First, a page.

Tag Archives: measuring metacognition

Quantifying Metacognition — Some Numeracy behind Self-Assessment Measures

In this post, Ed Nuhfer describes recent research that illustrates fundamental challenges of data interpretation, specifically with respect to data related to self-assessment of understanding, a key concept for metacognition.

Metacognitive Awareness and Academic Achievement in College Students

“Schraw and Dennison (1994) developed the Metacognitive Awareness Inventory (MAI) to assess metacognitive knowledge and metacognitive regulation which they referred to as the knowledge of cognition factor and the regulation of cognition factor.” Young and Fry’s article discusses the correlations between the final course grades, GPS and MAI. (Metacognitive Awareness Inventory) Findings show that the scores on the MAI greatly… Read more »

The relationship between goals, metacognition, and academic success

In this article Savia Countinho investigates the relationship between mastery goals, performance goals, metacognition (using the Metacognitive Awareness Inventory), and academic success.

Metacognitive Development in Professional Educators

Stewart, Cooper and Moulding investigate adult metacognition development, specifically comparing pre-service teachers and practicing teachers. They used the Metacognitive Awareness Inventory and found that metacognition improves significantly with age and with years of teaching experience, but not with gender or level of teaching (Pre-K though post-secondary ed levels).

Supports and Barriers to Students’ Metacognitive Development in a Large Intro Chemistry Course

In this post, Ashley Welsh describes her investigation of students’ metacognitive development in a large introductory organic chemistry course using pre/post metacognitive instrument, a student feedback survey, classroom observations, and student interviews. Her findings offer suggestions for course design and specific reasons why many students might struggle to implement metacognitive strategies.

Comprehension Monitoring: The Role of Conditional Knowledge Part 2

Antonio Gutierrez questions the assumption that conditional knowledge (e.g., when, why, where, and how a learning strategy applies) is related to calibration (e.g. self-monitoring, self-regulation). While the literature presupposes a link between them, Gutierrez calls on us to investigate the connection.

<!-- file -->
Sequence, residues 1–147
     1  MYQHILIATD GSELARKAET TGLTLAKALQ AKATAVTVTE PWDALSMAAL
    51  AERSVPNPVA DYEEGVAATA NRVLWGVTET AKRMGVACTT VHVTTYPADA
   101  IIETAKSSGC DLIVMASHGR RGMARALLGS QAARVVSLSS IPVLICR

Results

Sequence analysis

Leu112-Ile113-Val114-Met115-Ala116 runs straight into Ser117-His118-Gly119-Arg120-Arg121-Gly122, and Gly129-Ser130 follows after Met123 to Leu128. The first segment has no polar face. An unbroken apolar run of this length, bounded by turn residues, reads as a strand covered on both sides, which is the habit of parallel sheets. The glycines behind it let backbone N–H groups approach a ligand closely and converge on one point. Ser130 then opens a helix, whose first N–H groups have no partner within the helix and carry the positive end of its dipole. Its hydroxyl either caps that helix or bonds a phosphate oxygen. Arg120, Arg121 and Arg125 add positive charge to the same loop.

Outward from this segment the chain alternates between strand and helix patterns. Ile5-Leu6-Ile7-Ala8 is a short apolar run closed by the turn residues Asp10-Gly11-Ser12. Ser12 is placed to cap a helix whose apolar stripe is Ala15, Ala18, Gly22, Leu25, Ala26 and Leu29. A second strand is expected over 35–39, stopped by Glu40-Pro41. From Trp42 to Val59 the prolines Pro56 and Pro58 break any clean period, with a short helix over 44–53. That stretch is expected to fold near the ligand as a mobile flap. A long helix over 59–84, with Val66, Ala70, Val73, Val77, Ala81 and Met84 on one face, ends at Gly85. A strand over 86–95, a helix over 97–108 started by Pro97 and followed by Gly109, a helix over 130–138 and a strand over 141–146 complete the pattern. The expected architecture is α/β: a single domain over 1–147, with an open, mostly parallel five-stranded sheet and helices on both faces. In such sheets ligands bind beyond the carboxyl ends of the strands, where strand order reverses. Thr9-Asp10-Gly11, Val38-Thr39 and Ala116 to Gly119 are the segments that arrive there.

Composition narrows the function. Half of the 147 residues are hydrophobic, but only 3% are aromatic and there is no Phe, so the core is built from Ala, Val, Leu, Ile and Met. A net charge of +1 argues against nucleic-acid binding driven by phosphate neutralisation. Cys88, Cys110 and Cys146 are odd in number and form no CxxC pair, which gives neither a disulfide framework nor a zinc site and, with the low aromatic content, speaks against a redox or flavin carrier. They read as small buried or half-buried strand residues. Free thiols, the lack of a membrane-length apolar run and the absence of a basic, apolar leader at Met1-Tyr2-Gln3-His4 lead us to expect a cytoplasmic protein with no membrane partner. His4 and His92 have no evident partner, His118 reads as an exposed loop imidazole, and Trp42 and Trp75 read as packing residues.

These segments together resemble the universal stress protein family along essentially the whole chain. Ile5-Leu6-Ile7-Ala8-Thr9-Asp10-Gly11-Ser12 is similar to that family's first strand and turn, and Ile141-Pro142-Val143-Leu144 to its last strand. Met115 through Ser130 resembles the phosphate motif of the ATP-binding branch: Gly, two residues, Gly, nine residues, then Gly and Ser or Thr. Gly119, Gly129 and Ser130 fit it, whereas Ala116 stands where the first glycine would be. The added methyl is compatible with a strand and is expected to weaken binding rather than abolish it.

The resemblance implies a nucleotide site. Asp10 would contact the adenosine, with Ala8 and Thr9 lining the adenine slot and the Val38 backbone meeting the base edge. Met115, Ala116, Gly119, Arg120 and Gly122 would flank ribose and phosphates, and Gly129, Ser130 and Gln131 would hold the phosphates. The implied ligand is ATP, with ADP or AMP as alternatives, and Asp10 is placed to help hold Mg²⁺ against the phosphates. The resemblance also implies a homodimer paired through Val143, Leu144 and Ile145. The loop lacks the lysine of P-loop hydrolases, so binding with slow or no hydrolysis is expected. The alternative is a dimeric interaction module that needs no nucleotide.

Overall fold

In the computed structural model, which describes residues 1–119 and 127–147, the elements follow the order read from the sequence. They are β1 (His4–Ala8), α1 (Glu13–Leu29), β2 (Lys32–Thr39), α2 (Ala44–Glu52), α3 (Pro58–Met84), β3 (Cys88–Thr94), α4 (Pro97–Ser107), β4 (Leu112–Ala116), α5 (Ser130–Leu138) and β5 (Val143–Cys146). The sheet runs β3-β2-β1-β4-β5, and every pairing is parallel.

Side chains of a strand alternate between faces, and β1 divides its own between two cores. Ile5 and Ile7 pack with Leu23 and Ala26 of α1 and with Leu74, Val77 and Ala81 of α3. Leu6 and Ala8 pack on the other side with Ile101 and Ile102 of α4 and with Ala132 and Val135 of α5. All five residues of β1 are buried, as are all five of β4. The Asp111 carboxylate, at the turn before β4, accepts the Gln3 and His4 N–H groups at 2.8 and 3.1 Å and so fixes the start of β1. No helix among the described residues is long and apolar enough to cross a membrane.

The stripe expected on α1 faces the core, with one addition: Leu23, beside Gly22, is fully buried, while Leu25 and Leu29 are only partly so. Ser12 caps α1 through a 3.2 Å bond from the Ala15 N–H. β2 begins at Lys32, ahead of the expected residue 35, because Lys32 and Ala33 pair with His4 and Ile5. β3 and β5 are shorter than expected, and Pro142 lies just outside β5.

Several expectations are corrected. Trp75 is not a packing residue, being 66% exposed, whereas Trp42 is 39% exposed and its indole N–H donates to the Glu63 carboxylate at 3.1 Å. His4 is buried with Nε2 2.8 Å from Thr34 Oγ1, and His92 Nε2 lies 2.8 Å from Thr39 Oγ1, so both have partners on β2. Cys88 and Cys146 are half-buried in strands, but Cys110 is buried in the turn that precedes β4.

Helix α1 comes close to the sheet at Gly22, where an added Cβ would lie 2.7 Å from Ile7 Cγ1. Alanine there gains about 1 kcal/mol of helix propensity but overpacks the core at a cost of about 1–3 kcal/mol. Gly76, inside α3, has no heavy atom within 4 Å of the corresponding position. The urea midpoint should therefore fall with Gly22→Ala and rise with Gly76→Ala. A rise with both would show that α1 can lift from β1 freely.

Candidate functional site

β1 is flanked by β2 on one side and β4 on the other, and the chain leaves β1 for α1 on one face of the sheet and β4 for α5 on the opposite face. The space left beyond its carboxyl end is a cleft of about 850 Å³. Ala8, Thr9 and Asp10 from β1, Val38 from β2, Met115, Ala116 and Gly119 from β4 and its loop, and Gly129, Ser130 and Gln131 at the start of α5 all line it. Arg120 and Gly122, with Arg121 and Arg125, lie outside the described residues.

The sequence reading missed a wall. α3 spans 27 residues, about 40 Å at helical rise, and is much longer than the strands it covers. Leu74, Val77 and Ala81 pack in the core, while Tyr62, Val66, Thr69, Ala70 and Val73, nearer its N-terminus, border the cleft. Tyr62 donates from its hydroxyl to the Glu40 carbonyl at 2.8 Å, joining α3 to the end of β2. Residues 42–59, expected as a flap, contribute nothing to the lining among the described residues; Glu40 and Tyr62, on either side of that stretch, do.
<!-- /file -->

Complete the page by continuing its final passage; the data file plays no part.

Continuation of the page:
Measuring Metacognitive Judgments

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In Gregg Schraw’s (2009) chapter, Measuring Metacognitive Judgments, he artfully provides a taxonomy of calibration measures that attempt to assesses metacognitive judgment of learning. For more information, follow the hyperlink below. Schraw, G. (2009). Measuring Metacognitive Judgments. In D. J. Hacker, J. Dunlosky, &  A. C. Graesser (Eds.). Handbook of metacognition in education, 415. Friday, November 21, 2014

Effects of Strategy Training and Incentives on Students’ Performance, Confidence, and Calibration

“This study examined the effect of strategy instruction and incentives on performance, confidence, and calibration accuracy. Individuals (N = 107) in randomly assigned treatment groups received a multicomponent strategy instruction intervention, financial incentives for high performance, or both. The authors predicted that incentives would improve performance, while strategy instruction would improve performance, confidence, and calibration accuracy as a result of… Read more »

The Motivated Strategies for Learning Questionnaire

The Motivated Strategies for Learning Questionnaire (MSLQ) was developed by Pintrich, Smith, Garcia, and McKeachie (1993). This measure has been cited in over 1600 articles and is a very well established measure of not only metacognition, but motivation. The MSLQ is split into two main scales. The Motivation Scale is comprised of the Intrinsic Goal Orientation, Extrinsic Goal Orientation, Task Value,… Read more »

The Need for Cognition Scale

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A classic personality measure of metacognition was developed by John Cacioppo and Richard Petty (1982) entitled, The Need for Cognition Scale (NCS). This is a widely used 18-item Likert scale that assesses “the tendency for an individual to engage in and enjoy thinking” (Cacioppo & Petty, 1982, p. 116). The NCS has been cited in over 3000 articles and has well… Read more »